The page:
Top lis of online casino bonuses no deposit and welcome bonuses

Wanted Dead: Three-Lined Potato Beetle

June 9, 2015 | By | 5 Replies More

three-lined potato beetle

Three-lined potato beetles. Yep…they’re doin’ it!

Every year, I learn many new things about nature in my garden. I also discover “new” garden pests that I have to control without nasty chemicals or killing the beneficial insects in my garden. During the summer months, this effort is ongoing. I’ve already started battling aphids and I know the Japanese beetles are on their way soon, too. And then there’s this: the three-lined potato beetle.

Several weeks ago, I spotted a patch of familiar weeds growing in my front yard. As summer progresses, they get little husked fruits on them similar to a ground cherry. These weeds are host to lots and lots of this little, cute bug that I’ve also just spotted on my young tomatillo plants in the garden. I began learning about this garden pest and how to keep its damage to a minimum.

three-lined potato beetle

Three-lined potato beetle eggs



Meet the three-lined potato beetle. If I wasn’t trying to grow food, I might think they were kinda cute with their orange heads and little black stripes. En masse, they are destructive and can defoliate plants quickly. They go after many plants in the nightshade family – tomatillos, tomatoes, potatoes, and eggplants. They also love my volunteer moonflower plants, and have been using them as a venue for their massive orgies.

Once you understand the life cycle of the three-lined potato beetle, control becomes easier and more targeted. The adult beetles begin reproducing in spring, lay neat rows of tiny orange eggs on the undersides of host plant leaves, and then the larvae emerge to feed on plant leaves.

You can prevent damage by using floating row covers on your nightshade plants to exclude the beetles. However, this only works early in the season. Floating row covers need to be removed once the plant starts to flower or you won’t get any pollinators. The adult three-lined potato beetle can be difficult to catch. They sense that I’m near and then fly away before I can catch them. In the morning, they’re not quite so fast and I can pick them off. I keep a jar of soapy water at the ready and just toss the bugs in it to kill them.

Population control is easier, in my opinion, at the egg and larvae stages. I regularly check my plants for orange eggs since they aren’t hard to spot on the undersides of the leaves. I simply smoosh them all with my fingers, satisfied that I have just prevented many more hungry three-lined potato beetles.

three-lined potato beetle

OMG…Ewwww! The larvae.

If you don’t see the eggs easily on your plants, you will certainly be able to spot the larvae a bit later. I’m warning you, I am not one to be grossed out by insects, but these are just completely ger-osssss! Are you ready for this? The larvae carry their own excrement around with them…on their backs! The benefit of this though is that they are easy to see on plant leaves. They almost look like clumps of fresh bird poop. When I see the larvae on my plants, I just pick off the entire leaf and put it in the jar of soapy water.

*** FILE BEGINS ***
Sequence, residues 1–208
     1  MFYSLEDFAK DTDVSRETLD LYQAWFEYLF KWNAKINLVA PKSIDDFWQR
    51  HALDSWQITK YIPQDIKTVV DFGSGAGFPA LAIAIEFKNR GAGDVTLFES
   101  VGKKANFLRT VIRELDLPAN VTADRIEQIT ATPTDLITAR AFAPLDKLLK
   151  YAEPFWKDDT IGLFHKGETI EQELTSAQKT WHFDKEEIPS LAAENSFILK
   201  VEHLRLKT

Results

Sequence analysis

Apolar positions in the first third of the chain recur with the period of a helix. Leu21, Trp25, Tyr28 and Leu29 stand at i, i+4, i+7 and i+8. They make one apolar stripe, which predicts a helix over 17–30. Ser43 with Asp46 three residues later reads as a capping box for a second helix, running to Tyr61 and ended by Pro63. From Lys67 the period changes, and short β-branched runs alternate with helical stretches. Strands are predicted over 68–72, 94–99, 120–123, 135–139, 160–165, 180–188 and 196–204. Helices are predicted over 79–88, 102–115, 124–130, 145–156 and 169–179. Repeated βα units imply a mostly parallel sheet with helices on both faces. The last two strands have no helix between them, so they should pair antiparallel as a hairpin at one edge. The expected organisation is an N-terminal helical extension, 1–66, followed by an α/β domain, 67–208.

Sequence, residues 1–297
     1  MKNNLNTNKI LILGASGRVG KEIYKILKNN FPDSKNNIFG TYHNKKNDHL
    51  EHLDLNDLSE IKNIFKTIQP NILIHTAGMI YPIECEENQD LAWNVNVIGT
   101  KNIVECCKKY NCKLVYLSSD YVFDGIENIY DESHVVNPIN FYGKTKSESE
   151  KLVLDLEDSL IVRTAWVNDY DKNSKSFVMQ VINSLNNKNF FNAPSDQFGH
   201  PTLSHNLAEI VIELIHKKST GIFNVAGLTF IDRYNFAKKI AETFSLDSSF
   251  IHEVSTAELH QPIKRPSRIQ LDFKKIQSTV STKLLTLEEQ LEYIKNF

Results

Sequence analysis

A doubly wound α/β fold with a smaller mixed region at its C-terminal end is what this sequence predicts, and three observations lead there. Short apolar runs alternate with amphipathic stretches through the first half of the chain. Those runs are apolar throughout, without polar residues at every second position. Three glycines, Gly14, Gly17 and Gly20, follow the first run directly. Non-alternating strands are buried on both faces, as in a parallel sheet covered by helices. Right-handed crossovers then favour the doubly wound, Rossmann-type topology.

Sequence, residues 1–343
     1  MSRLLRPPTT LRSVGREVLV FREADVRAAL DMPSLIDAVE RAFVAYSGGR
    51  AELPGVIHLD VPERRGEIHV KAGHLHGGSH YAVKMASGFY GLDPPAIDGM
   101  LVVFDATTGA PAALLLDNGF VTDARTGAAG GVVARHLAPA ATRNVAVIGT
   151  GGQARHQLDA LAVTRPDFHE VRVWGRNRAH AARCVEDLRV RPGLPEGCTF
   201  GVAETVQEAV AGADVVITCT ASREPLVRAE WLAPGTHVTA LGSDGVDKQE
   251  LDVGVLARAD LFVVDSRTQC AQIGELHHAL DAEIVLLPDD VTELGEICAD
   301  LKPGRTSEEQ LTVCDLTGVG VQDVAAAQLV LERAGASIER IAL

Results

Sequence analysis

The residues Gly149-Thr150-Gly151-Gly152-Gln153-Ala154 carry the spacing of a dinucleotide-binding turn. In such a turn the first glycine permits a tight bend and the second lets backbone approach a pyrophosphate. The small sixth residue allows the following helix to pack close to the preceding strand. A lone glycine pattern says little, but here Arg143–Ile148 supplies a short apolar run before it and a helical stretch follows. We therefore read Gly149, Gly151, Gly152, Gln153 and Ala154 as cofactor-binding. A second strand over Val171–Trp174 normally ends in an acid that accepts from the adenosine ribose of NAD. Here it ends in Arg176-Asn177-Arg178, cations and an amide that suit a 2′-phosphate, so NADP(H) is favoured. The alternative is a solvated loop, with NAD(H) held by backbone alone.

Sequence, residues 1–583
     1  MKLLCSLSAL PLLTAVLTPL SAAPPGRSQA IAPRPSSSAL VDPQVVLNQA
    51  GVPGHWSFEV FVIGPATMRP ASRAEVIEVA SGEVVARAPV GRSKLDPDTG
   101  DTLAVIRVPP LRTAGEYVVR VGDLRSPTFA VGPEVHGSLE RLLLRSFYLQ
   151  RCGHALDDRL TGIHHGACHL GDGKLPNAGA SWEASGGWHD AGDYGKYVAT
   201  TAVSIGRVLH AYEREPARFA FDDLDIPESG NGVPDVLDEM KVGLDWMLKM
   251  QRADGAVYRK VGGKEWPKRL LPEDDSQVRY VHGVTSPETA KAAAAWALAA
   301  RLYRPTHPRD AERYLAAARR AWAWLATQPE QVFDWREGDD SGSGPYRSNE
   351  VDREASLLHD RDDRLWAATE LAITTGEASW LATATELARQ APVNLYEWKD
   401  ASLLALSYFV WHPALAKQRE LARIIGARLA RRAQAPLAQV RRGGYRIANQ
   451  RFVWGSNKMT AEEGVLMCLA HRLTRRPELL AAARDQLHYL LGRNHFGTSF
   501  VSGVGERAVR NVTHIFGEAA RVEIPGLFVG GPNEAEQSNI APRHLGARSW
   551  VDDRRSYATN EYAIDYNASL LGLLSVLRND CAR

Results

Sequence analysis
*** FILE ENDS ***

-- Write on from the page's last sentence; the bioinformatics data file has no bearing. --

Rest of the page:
If you’re an organic gardener, complete elimination of the three-lined potato beetle is unlikely. But, if you keep them in check using the techniques I’ve described, you will control them and keep damage to your future food to a minimum. Happy bug hunting!


Tags: , , , ,

Category: General, Home and Garden, Kitchen Garden

Comments (5)

Trackback URL | Comments RSS Feed

Sites That Link to this Post

  1. Using Beneficial Nematodes in Your Garden - Tomato Envy : Tomato Envy | July 21, 2015
  1. petra says:

    Hi Brande! Just googled this bug and your post is the third search result. This bug destroyed my potatoes last year and they are back now. Hopefully I will do a better job picking them off my plants this year. We have been getting so much rain here my garden is looking a little sad. If this beetle doesn’t do in my potatoes, these downpours might. Hope you are doing great!

    • Brande says:

      Hi Petra! So nice to hear from you! We had a really slow start with the garden too here. Lots of rain and it was so slow to warm up. I just today harvested my first tomato – weeks later than usual. Those potato bugs are so hard to catch because they are FAST, but good luck. I think you get bonus points when you can get a mating pair. 😉

  2. Sky Mahoney says:

    Thank you so much for this page–these critters are destroying my ground cherries which is sad because the kids (ours and the whole neighborhood) just love the fruits. I hand picked quite a few beetles last night and tonight and smooshed some eggs, but now I’m going to go back and smoosh all the eggs!

    • Brande says:

      I’m glad you found this post helpful! And, oh yes, they love ground cherries. I find these pests are at their worst in late spring and controlling them naturally will take some consistent effort on your part. Their populations naturally seem to taper off in summer. So, there is light at the end of the tunnel, just keep an eye out for those eggs and enjoy your ground cherries.

Leave a Reply

Read previous post:
German potato salad
German Potato Salad

When I got married, I gained so much: bragging rights to the most awesome husband, a new and healthier set...